Protest at Park Street hits MBTA's bag-search policy
(The following article by Anthony Flint and Kathryn Nelson was posted on the Boston Globe website on July 2.)
BOSTON -- Protesters gathered at Park Street station during the morning rush hour yesterday to condemn the MBTA's upcoming random bag-check policy, handing out leaflets, singing songs, and urging riders to resist what they say is an incursion on constitutional rights.
The T Riders Union, the American Civil Liberties Union of Massachusetts, the National Lawyers Guild, the Arab-American Anti-Defamation Committee, and several other groups formed a new coalition, the Safe and Free T Alliance, to rally support against the policy.
The groups are planning a lawsuit against the random searches, alleging that such a practice violates the Fourth Amendment ban on unreasonable search and seizure and may lead to racial and ethnic profiling. Opponents also say they don't think randomly searching bags will improve security.
''The T's going to have a real problem with this, as people realize it's fake security and a [public relations] exercise, and what their rights are and what they're giving up," said Nancy Murray of the ACLU. ''Where will it end? Are we going to start searching cars?"
Michael Mulhern, general manager of the Massachusetts Bay Transportation Authority, said the agency had a ''compelling public interest" in instituting the policy, which is to begin in a few days.
''We had half a dozen lawyers look at it," he said. ''We are very comfortable with the justification" leading up to the Democratic National Convention.
The MBTA plans to send teams of officers to randomly selected subway and commuter rail stations, to stop individuals on a random basis and inspect their bags before they enter the system. During convention week, that will intensify, and T police ''will be getting some help" to cover more stations, Mulhern said. In addition, any rider with large bags during that week will be subject to automatic search and no large bags will be allowed on the Orange Line.
Protesters performed skits mocking the policy and sang new lyrics to the tune of ''Charlie on the MTA," including the chorus, ''We are still not safe beneath the streets of Boston -- it's the plan that's wasting our time."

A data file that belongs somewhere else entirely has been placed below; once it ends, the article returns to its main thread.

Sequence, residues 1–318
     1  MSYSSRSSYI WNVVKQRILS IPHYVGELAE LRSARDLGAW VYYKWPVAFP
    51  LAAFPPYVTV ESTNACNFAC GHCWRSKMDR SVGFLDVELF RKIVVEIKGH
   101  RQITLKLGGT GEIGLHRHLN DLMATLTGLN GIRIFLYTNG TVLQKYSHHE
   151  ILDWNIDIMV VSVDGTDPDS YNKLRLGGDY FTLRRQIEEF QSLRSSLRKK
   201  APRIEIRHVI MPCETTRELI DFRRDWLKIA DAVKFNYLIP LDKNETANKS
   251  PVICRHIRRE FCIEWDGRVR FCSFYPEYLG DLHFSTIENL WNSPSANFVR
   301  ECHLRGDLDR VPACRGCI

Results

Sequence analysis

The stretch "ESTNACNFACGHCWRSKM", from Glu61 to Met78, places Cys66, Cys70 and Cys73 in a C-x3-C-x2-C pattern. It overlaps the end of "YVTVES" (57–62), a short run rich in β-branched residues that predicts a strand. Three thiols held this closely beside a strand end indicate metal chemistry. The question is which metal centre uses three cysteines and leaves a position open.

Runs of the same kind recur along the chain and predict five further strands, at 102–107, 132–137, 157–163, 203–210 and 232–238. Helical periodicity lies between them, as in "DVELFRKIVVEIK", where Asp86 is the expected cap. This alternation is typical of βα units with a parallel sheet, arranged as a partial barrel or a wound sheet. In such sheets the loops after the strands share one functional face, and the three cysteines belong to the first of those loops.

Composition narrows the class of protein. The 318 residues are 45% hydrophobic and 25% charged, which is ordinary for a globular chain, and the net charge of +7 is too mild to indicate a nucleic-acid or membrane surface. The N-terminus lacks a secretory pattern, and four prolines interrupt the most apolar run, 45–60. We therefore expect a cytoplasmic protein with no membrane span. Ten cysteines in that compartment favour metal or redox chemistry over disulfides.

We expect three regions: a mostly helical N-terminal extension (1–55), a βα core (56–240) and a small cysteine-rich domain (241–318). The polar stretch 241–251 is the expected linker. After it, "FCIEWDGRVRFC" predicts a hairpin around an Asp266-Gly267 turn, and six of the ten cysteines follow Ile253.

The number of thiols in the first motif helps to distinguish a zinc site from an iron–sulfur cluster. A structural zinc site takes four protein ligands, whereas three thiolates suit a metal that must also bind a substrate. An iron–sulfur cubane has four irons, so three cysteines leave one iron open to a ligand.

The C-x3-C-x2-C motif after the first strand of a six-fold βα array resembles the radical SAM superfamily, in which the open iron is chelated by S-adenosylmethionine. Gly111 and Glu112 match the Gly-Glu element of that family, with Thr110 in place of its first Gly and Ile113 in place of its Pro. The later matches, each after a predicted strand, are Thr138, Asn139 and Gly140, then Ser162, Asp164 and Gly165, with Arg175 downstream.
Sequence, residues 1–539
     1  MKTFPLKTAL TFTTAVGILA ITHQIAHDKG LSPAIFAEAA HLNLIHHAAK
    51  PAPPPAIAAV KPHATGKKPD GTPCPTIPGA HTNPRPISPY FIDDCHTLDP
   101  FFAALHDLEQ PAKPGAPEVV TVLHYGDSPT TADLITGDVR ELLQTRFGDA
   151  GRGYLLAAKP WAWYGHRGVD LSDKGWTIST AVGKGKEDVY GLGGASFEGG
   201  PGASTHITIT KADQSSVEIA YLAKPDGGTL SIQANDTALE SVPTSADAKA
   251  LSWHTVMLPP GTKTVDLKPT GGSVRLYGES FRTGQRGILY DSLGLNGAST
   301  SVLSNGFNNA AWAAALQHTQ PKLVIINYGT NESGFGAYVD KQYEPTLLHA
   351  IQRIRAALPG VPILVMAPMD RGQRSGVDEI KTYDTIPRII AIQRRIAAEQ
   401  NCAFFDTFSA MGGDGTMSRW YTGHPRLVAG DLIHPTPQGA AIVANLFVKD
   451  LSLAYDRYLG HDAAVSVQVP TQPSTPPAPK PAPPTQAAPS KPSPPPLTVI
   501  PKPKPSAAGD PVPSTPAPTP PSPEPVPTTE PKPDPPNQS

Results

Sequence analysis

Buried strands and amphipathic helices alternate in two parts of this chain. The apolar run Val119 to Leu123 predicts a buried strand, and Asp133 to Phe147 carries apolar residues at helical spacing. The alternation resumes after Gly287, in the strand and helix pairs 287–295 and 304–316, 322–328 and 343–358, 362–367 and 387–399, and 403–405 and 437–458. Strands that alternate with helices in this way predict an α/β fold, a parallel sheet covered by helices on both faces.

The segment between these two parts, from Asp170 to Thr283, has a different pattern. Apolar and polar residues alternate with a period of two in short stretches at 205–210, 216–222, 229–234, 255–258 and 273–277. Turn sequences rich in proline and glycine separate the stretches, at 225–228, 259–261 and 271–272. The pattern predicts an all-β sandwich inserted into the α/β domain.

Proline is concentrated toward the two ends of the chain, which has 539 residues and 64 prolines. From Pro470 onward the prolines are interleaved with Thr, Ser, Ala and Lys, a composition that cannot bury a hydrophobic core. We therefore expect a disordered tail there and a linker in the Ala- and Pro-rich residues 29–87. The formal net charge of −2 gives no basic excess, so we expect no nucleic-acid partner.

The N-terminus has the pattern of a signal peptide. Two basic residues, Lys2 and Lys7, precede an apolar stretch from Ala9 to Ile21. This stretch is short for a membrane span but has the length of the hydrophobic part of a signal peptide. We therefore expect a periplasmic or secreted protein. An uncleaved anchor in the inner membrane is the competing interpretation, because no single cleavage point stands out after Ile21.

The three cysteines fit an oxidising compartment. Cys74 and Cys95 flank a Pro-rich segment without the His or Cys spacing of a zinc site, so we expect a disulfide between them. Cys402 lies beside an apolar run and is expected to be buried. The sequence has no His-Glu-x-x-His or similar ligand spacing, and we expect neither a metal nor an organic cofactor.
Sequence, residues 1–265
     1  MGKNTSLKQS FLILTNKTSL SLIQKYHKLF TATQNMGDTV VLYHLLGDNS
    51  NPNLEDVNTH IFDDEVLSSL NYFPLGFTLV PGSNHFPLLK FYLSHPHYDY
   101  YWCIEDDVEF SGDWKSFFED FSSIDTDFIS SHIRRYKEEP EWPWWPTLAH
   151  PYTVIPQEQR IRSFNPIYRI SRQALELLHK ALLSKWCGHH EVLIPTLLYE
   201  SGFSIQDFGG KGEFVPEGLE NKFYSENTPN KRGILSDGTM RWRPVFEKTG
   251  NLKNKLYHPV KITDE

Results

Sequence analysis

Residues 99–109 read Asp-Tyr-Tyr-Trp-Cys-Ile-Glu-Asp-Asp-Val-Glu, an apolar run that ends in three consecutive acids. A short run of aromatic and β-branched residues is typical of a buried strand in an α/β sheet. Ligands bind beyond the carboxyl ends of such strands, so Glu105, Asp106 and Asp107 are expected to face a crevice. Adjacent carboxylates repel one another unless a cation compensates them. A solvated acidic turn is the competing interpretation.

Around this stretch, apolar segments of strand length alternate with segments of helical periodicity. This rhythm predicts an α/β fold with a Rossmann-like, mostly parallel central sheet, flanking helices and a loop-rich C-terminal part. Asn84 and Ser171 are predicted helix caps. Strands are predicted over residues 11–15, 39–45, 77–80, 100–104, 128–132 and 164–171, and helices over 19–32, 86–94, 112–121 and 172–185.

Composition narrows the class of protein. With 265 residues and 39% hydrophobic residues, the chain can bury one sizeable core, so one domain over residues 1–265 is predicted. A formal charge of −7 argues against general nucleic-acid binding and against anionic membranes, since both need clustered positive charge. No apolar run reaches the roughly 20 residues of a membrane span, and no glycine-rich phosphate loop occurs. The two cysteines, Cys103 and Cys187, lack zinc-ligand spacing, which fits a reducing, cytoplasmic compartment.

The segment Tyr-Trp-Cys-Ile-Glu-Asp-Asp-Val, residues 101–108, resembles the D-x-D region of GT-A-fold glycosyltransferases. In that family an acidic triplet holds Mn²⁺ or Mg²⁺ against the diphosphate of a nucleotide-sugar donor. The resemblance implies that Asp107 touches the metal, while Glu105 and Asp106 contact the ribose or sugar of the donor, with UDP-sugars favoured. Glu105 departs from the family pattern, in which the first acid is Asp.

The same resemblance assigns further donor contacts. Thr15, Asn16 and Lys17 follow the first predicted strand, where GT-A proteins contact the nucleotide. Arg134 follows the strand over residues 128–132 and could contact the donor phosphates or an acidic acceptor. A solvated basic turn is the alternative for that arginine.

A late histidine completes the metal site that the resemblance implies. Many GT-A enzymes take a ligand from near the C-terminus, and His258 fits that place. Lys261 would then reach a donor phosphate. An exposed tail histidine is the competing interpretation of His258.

About 1.1 million people use the transit system daily.
Several riders interviewed yesterday said they had no problem with the policy.
''Here are my bags," said Andover resident Rob Hoff, 42, who works in Cambridge. He held out two tote bags. ''I don't want to die in a T station."
''I'm not sure it's OK, but I'm not intimidated by it," said probation officer Elizabeth Davis, 38, who plans on riding her bicycle to work at a downtown courthouse during convention week. ''If it's safety [they want], then they need to look at the idea of shutting the entire thing down."
Shannon Gracia, 27, who takes a bus, commuter rail, and the subway from New Bedford to her health services job at Suffolk University, said she was subjected to an extensive search before a recent flight to Florida and found it embarrassing to have her private items gone through. But she said she was willing to be searched for security. ''There's things you have to weigh. If it's your safety and your city's safety, it's worth it," she said. ''If you have nothing to hide, it shouldn't be an issue."
''Baggage inspections will play a role in security at the MBTA in the future," said Michael Mulhern, general manager of the Massachusetts Bay Transportation Authority. ''To what extent is the open question."
Noting that the MBTA is the first transit system in the country to implement the policy, Mulhern said the agency is ''looking at this month's experience as a learning experience. There will be a debriefing where we look at how effective it is, and how we can support it with resources -- manpower, equipment, and canines."
Friday, July 2, 2004
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